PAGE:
Bank of Cyprus, the island’s biggest lender with a vast exposure to the troubled Greek market, said that 229 people took up an early retirement plan in January, helping to reduce operational costs by 8.5% on an annual basis.
This is part of CEO Yiannis Kypri’s restructuring plan that includes branch closures in Cyprus and Greece, as well as other staff and administrative cutbacks across its network.
The latest plan, offered only to long-serving staff earlier in the month, expired on January 31, with the beneficiaries taking their redundancy pay immediately and not showing up for work on Friday, February 1.
In Cyprus, staff numbers have now been reduced by 6.4%, while about 300 people left in Greece during January 2013, with an expected saving of about 12% on annual costs.
Although there was no similar programme in Russia, there was a staff reduction of about 200 people during 2012.
Bank of Cyprus is trying to find alternatives to reduce its overheads in order to avoid a significant bailout by the state, that would effectively part-nationalise it. It is also considering offloading all or part of its lucrative insurance subsidiaries, but not at the "cheap" price of 220 mln euros.
The Cyprus Popular Bank Group (Laiki), the hardest hit of all local banks due to the writedown of its Greek government bonds and subsequent bailout by the government of Cyprus to the tune of 1.79 bln euros, said that although there was no early retirement plan in place, 133 staff had left the bank last year, which combined with wage cuts, helped reduce operating costs by 16%.
In Greece, Laiki Group subsidiary Marfin Egnatia Bank reduced staff by 400 last year, bringing down the payroll by 12%, and shrank its branch network from 174 to 132.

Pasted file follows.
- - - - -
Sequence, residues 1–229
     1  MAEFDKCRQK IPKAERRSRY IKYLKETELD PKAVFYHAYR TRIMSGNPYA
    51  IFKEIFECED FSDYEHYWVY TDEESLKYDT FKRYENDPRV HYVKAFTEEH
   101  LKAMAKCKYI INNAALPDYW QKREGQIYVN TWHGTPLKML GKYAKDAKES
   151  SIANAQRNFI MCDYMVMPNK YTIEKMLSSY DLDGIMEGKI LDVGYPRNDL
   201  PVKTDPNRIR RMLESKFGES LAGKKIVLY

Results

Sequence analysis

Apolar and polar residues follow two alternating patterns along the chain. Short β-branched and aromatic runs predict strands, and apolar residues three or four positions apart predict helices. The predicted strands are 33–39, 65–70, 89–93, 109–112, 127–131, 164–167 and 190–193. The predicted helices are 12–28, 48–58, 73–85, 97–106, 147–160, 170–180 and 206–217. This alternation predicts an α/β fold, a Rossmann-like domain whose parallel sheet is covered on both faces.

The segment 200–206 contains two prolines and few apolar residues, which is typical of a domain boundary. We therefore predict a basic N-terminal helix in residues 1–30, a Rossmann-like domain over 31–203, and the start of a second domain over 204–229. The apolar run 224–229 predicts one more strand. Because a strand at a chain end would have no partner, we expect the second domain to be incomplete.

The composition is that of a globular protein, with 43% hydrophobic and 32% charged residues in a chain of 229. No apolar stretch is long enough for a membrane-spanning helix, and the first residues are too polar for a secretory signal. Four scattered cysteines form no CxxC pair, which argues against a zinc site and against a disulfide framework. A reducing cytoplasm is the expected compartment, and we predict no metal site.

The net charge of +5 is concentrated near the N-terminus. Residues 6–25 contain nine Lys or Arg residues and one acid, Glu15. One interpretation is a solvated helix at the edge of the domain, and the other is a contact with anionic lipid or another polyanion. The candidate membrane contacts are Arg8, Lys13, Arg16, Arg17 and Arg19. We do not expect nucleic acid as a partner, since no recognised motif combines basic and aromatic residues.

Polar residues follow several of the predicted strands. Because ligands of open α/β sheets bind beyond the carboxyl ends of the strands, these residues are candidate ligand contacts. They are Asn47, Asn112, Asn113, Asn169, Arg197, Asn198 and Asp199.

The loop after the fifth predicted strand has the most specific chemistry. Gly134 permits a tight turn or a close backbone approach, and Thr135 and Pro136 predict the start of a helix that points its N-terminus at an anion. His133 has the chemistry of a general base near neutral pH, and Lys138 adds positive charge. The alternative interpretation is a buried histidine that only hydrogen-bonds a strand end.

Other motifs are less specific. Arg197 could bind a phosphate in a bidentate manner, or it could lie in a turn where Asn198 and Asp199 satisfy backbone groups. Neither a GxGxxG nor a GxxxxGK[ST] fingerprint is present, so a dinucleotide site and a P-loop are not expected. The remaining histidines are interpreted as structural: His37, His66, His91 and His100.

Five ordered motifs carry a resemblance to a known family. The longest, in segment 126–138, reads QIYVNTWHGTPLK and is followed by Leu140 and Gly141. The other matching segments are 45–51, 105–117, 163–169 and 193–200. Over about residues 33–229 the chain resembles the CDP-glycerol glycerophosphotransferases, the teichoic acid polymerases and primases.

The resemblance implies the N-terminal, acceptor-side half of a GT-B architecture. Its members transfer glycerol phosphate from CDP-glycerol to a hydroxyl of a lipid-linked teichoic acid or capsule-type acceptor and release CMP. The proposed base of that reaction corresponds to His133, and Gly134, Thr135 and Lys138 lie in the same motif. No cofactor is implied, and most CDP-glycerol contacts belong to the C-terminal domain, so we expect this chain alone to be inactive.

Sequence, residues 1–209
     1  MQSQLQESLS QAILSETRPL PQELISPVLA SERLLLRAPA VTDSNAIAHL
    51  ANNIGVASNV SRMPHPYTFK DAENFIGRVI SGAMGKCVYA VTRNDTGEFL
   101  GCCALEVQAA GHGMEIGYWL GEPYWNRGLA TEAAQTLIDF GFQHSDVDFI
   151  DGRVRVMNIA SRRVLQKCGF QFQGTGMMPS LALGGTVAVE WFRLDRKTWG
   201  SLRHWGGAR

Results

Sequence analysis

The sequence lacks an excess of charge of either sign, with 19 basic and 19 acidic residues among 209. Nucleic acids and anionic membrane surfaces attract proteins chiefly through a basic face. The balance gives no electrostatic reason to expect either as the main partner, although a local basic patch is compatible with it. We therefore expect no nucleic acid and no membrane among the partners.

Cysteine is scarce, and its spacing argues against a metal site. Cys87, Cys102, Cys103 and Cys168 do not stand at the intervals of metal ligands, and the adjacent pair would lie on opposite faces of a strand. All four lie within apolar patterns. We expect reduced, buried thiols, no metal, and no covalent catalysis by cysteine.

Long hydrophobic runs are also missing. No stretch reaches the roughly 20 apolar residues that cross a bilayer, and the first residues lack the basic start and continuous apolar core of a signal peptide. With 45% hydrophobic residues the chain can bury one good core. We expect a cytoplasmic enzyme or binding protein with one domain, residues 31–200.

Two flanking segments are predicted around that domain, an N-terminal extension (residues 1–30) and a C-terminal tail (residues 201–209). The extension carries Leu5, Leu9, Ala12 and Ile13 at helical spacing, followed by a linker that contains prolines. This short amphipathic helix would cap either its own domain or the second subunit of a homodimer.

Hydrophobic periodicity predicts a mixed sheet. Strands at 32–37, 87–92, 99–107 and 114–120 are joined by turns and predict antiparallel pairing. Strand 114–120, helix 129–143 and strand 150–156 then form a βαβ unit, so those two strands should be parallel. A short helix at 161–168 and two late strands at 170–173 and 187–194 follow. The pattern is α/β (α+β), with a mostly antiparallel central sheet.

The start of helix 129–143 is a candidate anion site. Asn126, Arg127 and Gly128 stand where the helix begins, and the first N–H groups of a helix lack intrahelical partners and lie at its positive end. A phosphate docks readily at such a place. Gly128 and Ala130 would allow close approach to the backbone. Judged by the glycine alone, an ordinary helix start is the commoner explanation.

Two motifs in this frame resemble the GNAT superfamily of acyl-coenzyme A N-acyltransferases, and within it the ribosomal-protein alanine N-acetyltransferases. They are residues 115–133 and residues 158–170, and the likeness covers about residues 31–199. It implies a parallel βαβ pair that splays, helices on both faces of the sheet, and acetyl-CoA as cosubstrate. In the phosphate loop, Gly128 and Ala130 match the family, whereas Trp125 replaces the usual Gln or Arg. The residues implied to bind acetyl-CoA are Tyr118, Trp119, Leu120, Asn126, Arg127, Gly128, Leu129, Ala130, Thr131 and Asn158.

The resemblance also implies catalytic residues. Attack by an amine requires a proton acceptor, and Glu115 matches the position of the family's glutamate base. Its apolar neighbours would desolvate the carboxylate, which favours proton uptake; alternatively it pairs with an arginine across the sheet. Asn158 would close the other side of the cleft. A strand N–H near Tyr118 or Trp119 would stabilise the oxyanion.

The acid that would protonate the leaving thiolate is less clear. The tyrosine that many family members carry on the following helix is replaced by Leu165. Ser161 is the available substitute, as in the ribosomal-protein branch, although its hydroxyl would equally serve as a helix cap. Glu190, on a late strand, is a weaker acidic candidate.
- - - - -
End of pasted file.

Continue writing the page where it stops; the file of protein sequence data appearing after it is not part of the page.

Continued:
The bank said in early January that the cost-cutting measures that will continue in 2013 will help reduce operating expenses by a further 20% this year, adding that the group will focus on becoming a leaner operation, with a small branch network and more competitive services.
In announcing its 9-month results in early December, Laiki had said that “the successful implementation of the cost containment program continues to deliver significant benefits.” Total operating expenses were cut by 5% to 449 mln euros, from 472 mln in the nine months of 2011. The state-approved restructuring plan saw the closure of 16 branches in Greece and 11 in Cyprus, while staff numbers had also been going down as a result of early retirements and resignations in combination with the recruitment freeze.
No redundancy or early retirement programme was announced by Hellenic Bank, the only bank that turned the results around from a 73 mln euro loss in the three quarters of 2011 to an after-tax profit of 219,000 euros in January to September last year.
On a snail’s pace towards recovery, both domestic and non-resident banks deposits rose in December by EUR 215.8 mln to 70.2 bln euros according to figures released this week by the Central Bank of Cyprus.
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